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Lecture 5

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Walter Peace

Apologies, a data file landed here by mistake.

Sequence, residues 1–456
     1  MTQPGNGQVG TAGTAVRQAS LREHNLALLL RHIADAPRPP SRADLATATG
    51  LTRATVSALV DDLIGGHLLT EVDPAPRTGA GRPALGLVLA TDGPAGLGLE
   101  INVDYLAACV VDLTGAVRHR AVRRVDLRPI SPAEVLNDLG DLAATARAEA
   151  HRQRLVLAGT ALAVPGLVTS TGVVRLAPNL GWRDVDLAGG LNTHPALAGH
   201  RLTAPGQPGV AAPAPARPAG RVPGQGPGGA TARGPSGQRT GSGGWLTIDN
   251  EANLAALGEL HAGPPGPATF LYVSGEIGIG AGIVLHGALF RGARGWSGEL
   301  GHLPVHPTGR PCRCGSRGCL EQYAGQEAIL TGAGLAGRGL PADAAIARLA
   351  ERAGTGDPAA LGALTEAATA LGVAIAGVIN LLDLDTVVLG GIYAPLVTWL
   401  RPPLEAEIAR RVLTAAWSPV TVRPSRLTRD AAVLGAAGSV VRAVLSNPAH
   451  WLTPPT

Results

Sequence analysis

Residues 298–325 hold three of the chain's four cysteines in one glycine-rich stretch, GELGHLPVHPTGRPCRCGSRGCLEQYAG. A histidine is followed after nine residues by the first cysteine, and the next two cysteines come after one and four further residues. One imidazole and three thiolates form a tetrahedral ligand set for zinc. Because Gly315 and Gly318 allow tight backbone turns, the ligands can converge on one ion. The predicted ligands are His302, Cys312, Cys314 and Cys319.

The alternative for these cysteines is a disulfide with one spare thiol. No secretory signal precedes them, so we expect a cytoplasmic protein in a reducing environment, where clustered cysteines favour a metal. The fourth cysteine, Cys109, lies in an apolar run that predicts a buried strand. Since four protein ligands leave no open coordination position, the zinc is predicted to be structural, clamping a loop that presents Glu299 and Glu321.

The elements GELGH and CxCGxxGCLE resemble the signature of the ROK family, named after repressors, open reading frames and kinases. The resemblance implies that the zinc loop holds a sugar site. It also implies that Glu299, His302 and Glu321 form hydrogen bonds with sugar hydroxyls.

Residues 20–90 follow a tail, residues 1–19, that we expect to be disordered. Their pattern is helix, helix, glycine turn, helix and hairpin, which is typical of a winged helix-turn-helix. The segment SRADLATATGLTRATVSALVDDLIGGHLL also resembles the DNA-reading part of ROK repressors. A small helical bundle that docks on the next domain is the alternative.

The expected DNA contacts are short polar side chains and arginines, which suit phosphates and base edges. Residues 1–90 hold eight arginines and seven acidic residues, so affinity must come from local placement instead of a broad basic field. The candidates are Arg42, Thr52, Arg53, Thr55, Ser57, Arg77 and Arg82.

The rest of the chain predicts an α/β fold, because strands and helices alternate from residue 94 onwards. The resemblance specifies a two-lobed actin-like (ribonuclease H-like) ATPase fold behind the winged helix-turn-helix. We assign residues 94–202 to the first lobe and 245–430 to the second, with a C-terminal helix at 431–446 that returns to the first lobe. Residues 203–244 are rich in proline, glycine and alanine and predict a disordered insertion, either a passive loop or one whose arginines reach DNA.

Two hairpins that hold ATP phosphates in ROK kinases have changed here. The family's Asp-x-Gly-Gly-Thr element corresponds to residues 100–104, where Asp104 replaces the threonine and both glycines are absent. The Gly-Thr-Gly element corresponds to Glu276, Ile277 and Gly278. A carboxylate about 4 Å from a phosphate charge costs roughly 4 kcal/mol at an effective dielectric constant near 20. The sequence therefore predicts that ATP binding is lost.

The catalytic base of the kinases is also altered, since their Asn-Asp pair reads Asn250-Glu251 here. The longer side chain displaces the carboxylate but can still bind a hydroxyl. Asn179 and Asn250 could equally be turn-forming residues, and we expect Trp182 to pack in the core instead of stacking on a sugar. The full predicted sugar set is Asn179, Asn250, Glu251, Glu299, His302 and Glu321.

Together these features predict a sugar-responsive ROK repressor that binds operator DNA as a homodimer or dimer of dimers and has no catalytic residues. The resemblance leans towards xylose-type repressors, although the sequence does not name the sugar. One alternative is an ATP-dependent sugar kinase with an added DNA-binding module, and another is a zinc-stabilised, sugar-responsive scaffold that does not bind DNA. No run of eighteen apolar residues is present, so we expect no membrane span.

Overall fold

September 26, 2012 Introduction What are global issues? - Demographic, economic, and environmental trends affecting quality of life and survival prospects worldwide - Examples: desertification; deforestation; global warming; hunger; refugees; inequality; etc. - The "world system" is comprised of various elements/components including: population; environment; energy; resources; technology; etc. When did these issues become global issues? - Were these global issues, 1,000/500/200 years ago? - Beginning in the 'Age of Exploration' (15th, 16th, 17th centuries) with the establishment of colonial empires, different regions of the world became increasingly connected with one another. How and why did these become global issues? - Increasing interconnectedness of world regions (and their politics, cultures, and economics) meant that events in one geographic location had greater impacts/repercussions on other geographic locations. How should we respond to these global issues? What are out options? What happens if we do not act? The Earth: Past and Present  9:00 am., 23 October 4004 BCE o BCE = Before Common Era What is the significance of this date?  The Earth was created Timelines  History of the earth (4.5 billion years)  History of humanity (6 million years)  Two "challenges" in these chronologies: o 1. How to conceptualize the length of time involved? o 2. Realizing that our oldest ancestors are a mere 6 million years old; and that significant “human impacts” on the Earth are very recent (last 250 years) Holocene: the most recent 10,000 years General trends during the Holocene period: 1. Increasing magnitude/complexity of the world system 2. Increasing interconnectedness of cultures, regions and economies 3. Increasing rate of change 4. Geographica
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